Alexandria Marzano-Lesnevich & Melissa Febos

Who: Alexandria Marzano-Lesnevich, author of THE FACT OF A BODY + Melissa Febos, author of ABANDON ME
When: Wednesday, August 30 at 7:00 pm
Where: Papercuts J.P. - 5 Green Street
Tickets: $5 // buy online or in-store
 

Join Papercuts J.P. and La Rana Rossa for an evening with the authors of two of the year's finest memoirs.

Before Alexandria Marzano-Lesnevich begins a summer job at a law firm in Louisiana, working on the retrial defense of death-row convicted murderer and child molester Ricky Langley, she thinks her position is clear. The child of two lawyers, she is staunchly anti-death penalty. But the moment Ricky’s face flashes on the screen as she reviews old tapes, the moment she hears him speak of his crimes, she is overcome with the feeling of wanting him to die. Shocked by her reaction, she digs deeper and deeper into the case, realizing that despite their vastly different circumstances, something in his story is unsettlingly, uncannily familiar.

Crime, even the darkest and must unsayable acts, can happen to any one of us. As Alexandria pours over the facts of the murder, she finds herself thrust into the complicated narrative of Ricky’s childhood. And by examining the details of Ricky’s case, she is forced to face her own story, to unearth long-buried family secrets, to reckon with how her own past colors her view of Ricky's crime. The Fact of a Body is as haunting as it is haunted.

"This book is a marvel. With unflinching precision and immense compassion, Alexandria Marzano-Lesnevich peels apart both a murder case and her own experience to reveal how we try to make sense of the past. The Fact of a Body is equal parts gripping and haunting and will leave you questioning whether any one story can hold the full truth." —Celeste Ng, author of the New York TImes bestselling Everything I Never Told You

In her dazzling Abandon Me, Febos captures the intense bonds of love and the need for connection—with family, lovers, and oneself. First, her birth father, who left her with only an inheritance of addiction and Native American blood, its meaning a mystery. As Febos tentatively reconnects, she sees how both these lineages manifest in her own life, marked by compulsion and an instinct for self-erasure. Meanwhile, she remains closely tied to the sea captain who raised her, his parenting ardent but intermittent as his work took him away for months at a time. Woven throughout is the hypnotic story of an all-consuming, long-distance love affair with a woman, marked equally by worship and withdrawal. In visceral, erotic prose, Febos captures their mutual abandonment to passion and obsession—and the terror and exhilaration of losing herself in another.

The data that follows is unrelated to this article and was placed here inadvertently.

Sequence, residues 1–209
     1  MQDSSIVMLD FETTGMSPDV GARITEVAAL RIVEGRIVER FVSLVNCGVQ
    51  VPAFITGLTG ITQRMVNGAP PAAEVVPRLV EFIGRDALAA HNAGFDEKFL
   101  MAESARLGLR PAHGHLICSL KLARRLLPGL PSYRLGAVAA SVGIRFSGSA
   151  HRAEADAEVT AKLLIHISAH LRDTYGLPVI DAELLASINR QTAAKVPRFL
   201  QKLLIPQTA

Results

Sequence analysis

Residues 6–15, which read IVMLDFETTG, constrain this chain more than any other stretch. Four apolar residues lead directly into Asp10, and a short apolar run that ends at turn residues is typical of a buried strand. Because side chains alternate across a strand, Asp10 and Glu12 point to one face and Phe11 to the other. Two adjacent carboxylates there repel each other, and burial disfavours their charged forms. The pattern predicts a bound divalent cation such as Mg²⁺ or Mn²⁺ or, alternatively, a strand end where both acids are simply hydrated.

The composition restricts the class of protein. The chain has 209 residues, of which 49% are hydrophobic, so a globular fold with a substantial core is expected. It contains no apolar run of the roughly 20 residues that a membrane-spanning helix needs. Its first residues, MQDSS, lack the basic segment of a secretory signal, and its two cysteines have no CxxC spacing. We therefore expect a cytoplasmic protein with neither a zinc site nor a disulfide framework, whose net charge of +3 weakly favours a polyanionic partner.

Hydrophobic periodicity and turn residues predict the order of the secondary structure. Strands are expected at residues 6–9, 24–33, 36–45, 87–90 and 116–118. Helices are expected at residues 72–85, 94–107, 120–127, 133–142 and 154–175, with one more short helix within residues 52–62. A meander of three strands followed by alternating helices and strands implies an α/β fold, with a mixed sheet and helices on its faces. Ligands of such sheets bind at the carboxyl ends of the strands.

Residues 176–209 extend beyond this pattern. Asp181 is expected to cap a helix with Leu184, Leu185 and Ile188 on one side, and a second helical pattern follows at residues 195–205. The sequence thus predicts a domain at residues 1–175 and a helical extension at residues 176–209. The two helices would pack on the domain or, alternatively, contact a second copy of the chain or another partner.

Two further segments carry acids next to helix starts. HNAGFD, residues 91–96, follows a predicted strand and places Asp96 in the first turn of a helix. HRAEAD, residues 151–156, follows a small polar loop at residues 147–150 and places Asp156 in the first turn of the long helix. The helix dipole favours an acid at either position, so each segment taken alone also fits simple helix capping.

“A powerful meditation on the pain of loss and the maddening, intoxicating, confusing, and exhilarating effects of true human closeness.” —Meghan Daum, author of The Unspeakable

 

Melissa Febos is the author of the memoir Whip Smart. Portions from Abandon Me have won prizes from Prairie SchoonerStoryQuarterly, and the Center for Women Writers, and twice earned notice in the 2015 Best American Essays anthology. Febos serves on the executive board of VIDA: Women in Literary Arts, and is an assistant professor of creative writing at Monmouth University and on the M.F.A. faculty at the Institute of American Indian Arts. She lives in Brooklyn. melissafebos.com

Alexandria Marzano-Lesnevich is a 2014 National Endowment for the Arts fellow in creative writing, an award given for her work on The Fact of A Body. Other honors in support of this book include a Rona Jaffe Award, a scholarship to the Bread Loaf Writer’s Conference, as well as fellowships to the MacDowell Colony, Millay Colony for the Arts, Blue Mountain Center and Yaddo. Her essays and short fiction have appeared in The New York Times, Oxford American, Salon, and the anthology TRUE CRIME. She has a JD from Harvard, an MFA from Emerson and a BA from Columbia University. Alexandria currently lives in Cambridge, Massachusetts, where she teaches memoir writing at Grub Street and teaches graduate public policy students at Harvard’s Kennedy School of Government.

 

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